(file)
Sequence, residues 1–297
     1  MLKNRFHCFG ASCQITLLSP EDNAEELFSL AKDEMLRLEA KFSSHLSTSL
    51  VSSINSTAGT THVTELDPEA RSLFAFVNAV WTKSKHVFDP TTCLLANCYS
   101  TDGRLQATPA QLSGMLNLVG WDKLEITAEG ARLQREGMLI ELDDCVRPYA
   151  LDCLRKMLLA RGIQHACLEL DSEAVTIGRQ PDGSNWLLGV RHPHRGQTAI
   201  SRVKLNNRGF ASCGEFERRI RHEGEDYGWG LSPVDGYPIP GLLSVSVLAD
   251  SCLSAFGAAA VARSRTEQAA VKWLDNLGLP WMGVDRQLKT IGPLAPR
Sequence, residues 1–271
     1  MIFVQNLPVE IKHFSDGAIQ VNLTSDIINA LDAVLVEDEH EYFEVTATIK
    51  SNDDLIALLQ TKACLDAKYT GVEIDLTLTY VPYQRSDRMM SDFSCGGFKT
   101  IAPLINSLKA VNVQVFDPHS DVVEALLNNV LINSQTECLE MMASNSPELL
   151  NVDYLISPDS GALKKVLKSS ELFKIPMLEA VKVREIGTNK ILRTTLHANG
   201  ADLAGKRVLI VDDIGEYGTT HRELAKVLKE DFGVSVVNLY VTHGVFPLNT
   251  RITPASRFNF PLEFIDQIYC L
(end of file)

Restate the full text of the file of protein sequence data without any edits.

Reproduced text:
Sequence, residues 1–297
     1  MLKNRFHCFG ASCQITLLSP EDNAEELFSL AKDEMLRLEA KFSSHLSTSL
    51  VSSINSTAGT THVTELDPEA RSLFAFVNAV WTKSKHVFDP TTCLLANCYS
   101  TDGRLQATPA QLSGMLNLVG WDKLEITAEG ARLQREGMLI ELDDCVRPYA
   151  LDCLRKMLLA RGIQHACLEL DSEAVTIGRQ PDGSNWLLGV RHPHRGQTAI
   201  SRVKLNNRGF ASCGEFERRI RHEGEDYGWG LSPVDGYPIP GLLSVSVLAD
   251  SCLSAFGAAA VARSRTEQAA VKWLDNLGLP WMGVDRQLKT IGPLAPR
Sequence, residues 1–271
     1  MIFVQNLPVE IKHFSDGAIQ VNLTSDIINA LDAVLVEDEH EYFEVTATIK
    51  SNDDLIALLQ TKACLDAKYT GVEIDLTLTY VPYQRSDRMM SDFSCGGFKT
   101  IAPLINSLKA VNVQVFDPHS DVVEALLNNV LINSQTECLE MMASNSPELL
   151  NVDYLISPDS GALKKVLKSS ELFKIPMLEA VKVREIGTNK ILRTTLHANG
   201  ADLAGKRVLI VDDIGEYGTT HRELAKVLKE DFGVSVVNLY VTHGVFPLNT
   251  RITPASRFNF PLEFIDQIYC L